Of great interest to cryptozoologists is a brief account in John Gregorson Campbell’s Superstitions of the Highlands and Islands of Scotland (1900) of the Big Beast of Loch Awe, and enormous animal which was heard—but rarely seen—in winter breaking the ice as it moved in and out of the frozen loch to hunt and swim.
Like so many other lake monsters, the true nature and appearance of this Big Beast also known as Beathach Mòr Loch Odha is shrouded in mystery.
According to some eyewitnesses’ accounts, the beast resembled a giant horse, but others described it as a colossal eel. What it's known for certain is that the Big Beast of Loch Awe is a large and powerful creature with twelve legs, something along the lines of an enormous centipede.
In his book, John Gregorson Campbell also mentions that, tired of seeing their cattle disappear, the farmers from around Loch Awe would occasionally tried to capture the beast using a sheep made fast to a cable secured round an oak as bait, but that as yet no tackle had been found sufficiently strong to hold it.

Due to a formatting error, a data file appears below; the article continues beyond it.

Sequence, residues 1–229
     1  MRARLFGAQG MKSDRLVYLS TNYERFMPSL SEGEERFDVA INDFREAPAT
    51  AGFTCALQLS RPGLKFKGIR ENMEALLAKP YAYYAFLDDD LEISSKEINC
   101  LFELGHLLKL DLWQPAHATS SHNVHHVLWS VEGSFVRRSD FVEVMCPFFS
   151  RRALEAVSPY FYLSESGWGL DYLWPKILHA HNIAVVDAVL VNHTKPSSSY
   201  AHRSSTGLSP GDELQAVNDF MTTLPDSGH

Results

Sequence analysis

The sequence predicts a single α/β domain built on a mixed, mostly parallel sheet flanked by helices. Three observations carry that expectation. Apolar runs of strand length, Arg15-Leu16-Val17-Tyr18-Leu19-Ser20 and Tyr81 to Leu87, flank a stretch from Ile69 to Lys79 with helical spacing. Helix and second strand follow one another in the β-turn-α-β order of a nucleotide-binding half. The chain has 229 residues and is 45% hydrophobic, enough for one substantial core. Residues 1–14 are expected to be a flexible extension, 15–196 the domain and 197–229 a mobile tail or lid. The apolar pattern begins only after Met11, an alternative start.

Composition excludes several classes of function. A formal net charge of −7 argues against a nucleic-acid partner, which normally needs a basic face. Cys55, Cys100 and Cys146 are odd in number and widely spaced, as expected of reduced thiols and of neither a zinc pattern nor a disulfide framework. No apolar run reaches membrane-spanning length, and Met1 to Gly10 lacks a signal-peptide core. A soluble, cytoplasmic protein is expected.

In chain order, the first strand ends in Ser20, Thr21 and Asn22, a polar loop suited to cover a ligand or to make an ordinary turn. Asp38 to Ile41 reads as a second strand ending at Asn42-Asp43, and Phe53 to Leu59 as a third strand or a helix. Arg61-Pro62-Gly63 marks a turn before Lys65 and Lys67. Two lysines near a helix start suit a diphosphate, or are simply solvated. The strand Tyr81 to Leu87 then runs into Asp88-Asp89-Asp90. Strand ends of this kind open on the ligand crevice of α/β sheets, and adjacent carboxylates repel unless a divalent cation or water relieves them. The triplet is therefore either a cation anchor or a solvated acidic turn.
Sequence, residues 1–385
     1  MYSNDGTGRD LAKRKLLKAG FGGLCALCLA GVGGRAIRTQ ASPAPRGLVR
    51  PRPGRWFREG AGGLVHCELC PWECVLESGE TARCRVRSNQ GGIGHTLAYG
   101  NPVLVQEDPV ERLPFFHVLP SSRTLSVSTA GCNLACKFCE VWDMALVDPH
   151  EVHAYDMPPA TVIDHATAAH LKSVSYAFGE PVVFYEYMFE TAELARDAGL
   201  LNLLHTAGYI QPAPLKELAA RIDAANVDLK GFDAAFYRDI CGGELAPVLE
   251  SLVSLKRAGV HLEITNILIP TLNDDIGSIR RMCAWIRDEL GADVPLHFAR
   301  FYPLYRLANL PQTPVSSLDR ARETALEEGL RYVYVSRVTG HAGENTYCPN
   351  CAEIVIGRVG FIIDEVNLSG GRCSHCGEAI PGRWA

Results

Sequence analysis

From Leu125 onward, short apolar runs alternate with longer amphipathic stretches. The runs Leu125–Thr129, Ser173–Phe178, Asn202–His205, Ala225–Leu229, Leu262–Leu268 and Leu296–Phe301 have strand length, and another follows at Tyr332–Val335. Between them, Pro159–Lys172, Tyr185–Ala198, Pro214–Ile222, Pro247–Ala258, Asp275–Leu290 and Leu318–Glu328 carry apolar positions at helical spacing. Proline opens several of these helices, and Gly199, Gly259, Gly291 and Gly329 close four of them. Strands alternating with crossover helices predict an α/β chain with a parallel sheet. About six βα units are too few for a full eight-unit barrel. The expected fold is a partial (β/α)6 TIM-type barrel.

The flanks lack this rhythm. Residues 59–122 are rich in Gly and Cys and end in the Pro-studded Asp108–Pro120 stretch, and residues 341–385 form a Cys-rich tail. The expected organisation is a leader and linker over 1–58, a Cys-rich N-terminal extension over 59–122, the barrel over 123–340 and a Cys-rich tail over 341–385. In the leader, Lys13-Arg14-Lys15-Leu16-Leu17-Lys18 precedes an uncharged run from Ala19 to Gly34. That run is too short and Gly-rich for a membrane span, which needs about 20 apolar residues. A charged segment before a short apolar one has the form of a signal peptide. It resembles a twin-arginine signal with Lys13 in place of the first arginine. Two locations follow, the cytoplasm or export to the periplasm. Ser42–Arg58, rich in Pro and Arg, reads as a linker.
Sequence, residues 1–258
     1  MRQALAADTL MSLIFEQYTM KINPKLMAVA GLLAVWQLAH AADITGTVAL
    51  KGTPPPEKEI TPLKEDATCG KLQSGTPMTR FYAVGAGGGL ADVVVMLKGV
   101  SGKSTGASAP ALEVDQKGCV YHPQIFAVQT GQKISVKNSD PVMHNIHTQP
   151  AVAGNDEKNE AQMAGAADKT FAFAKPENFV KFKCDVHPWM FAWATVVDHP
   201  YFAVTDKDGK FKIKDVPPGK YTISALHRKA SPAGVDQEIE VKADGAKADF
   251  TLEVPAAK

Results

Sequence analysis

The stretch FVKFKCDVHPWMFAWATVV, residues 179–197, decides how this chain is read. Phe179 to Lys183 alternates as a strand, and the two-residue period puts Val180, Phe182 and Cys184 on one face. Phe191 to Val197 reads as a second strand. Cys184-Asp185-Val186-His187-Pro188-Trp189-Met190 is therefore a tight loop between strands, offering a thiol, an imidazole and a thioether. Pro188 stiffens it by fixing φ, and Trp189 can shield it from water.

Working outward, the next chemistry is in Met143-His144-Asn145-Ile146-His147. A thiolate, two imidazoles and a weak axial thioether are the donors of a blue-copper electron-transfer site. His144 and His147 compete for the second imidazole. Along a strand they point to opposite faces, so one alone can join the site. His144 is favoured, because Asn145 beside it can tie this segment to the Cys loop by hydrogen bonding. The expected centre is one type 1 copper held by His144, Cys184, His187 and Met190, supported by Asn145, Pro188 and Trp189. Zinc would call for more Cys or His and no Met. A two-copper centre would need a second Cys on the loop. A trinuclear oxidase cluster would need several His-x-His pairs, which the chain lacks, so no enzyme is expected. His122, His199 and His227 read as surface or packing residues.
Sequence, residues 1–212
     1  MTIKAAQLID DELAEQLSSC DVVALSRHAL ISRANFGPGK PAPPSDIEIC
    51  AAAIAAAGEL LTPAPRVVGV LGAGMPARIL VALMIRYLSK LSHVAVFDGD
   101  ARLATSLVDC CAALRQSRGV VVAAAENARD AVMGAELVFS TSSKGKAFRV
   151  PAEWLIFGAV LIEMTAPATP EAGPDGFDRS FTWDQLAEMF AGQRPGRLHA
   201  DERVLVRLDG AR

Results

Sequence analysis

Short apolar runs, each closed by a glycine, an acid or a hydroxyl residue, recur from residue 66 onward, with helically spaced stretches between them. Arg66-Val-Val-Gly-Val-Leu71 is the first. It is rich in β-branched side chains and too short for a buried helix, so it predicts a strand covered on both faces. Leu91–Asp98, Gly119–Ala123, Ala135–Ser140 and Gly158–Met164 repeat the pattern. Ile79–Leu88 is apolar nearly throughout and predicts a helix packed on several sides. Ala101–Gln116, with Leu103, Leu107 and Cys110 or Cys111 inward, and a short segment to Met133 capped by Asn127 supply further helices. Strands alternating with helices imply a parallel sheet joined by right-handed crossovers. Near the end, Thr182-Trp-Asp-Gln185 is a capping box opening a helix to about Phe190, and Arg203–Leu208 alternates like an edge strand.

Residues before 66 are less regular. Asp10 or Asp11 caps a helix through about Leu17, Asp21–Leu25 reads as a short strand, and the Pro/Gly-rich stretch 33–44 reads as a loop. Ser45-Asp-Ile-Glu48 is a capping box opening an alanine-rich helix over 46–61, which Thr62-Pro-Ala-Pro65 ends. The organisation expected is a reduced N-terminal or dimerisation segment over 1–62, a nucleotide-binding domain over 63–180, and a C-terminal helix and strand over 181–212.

In a lengthy footnote, Gregorson Campbell adds that on one of his excursions he met a farmer who was watching for the creature while his two sons were poking around with dung forks in the deep holes where the beast was supposed to be lying. The farmer himself was armed with a musket loaded with six-pences, as rumor had it, the creature was vulnerable to silver shot only.
It has been a long time since the Big Beast was last seen. Its existence is all but forgotten along the shores of Loch Awe.
-Spence, L., 1945. The magic arts in Celtic Britain. Courier Corporation.
-Robinson, M. 1965. Some fabulous beasts. Folklore 76, no. 4: 273-287.